music... Derek Webb

Mockingbird by Derek Webb

Sadly, it seems Derek Webb has lost his faith in the power of art.

From all accounts, the progressive trajectory that characterized Webb’s I See Things Upside Down has diverged from its artistic course and instead proceeded toward pure rhetoric. In this way, Mockingbird could have made excellent source material for a series of magazine editorials, commentary for a bible study, or maybe a book of poetry. But it should not have been recorded as an album. How did it all go so wrong for the most promising Christian singer-songwriter of this generation?

Webb has always worn his influences on his sleeve, and that sort of honesty has worked well for him in the past because he chose superior influences. I would recommend that Webb return quickly to his influences, namely Dylan. A secondary viewing of No Direction Home might reveal for him more clearly the genius behind Dylan’s legacy. In a time when the country was torn in two by conflicting opinions of grave political matters, Dylan refused to let his art be subsumed into the prevalent ethos of topical songwriting. It’s the reason that the world will never forget Bob Dylan and never remember Pete Seeger. Dylan launched a legacy in the 60’s while those around him launched campaigns. Ironically, Dylan’s music unquestionably had the greater impact on society and culture. Webb would do well to follow his mentor’s lead in this area.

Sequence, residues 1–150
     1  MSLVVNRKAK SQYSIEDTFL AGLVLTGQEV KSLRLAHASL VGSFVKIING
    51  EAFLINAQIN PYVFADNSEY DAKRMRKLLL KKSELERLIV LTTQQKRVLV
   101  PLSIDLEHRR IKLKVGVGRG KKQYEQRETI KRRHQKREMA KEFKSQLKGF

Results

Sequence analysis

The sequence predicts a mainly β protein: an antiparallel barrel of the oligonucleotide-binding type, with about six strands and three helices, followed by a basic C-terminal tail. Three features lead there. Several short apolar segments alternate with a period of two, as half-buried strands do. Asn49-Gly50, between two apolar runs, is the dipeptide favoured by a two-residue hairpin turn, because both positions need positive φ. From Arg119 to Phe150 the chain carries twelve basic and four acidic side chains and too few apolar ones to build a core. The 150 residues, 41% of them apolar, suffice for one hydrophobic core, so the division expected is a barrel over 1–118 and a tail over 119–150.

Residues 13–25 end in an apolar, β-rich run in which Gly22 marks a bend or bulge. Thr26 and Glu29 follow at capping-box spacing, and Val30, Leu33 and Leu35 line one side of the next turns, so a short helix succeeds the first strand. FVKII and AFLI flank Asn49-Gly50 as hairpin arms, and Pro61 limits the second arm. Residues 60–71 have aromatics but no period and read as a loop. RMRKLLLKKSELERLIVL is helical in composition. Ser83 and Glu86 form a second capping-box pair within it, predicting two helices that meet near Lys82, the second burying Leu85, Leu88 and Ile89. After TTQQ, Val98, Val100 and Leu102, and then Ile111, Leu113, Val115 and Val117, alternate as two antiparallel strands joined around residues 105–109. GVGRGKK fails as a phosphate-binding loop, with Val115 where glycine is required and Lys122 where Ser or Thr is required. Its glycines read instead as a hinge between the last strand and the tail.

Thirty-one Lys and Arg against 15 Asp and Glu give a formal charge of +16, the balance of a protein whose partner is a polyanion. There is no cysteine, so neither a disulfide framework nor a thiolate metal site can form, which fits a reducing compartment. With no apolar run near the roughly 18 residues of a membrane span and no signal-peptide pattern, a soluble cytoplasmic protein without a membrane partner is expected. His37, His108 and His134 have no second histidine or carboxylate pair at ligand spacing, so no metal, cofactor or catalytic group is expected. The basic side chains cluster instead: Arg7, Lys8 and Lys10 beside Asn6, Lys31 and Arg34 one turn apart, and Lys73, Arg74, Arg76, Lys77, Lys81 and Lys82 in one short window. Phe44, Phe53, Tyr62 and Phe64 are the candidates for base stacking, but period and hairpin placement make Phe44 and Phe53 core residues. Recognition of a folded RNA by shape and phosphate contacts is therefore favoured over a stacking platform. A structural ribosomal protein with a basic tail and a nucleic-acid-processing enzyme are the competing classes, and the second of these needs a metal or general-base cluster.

By any standard, art should show and not teach, dream and not dictate. Not even the best intentions or the truest sentiments can adequately replace the visionary abilities of art. Unfortunately, this is the untold story of kitsch. Usually thought of purely in terms of overly sweet or saccharine sentimentality, kitsch actually has a dark side as well. You see the earnest convictions of Webb’s newest cd are no different than the sappiest CCM love ballad to God because both rely on pre-digested content. Sadly, political credos do little more than Hallmark slogans in the end. Both are easily dismissed for the simple fact that neither evoke wonder and deepen the questions upon revisiting.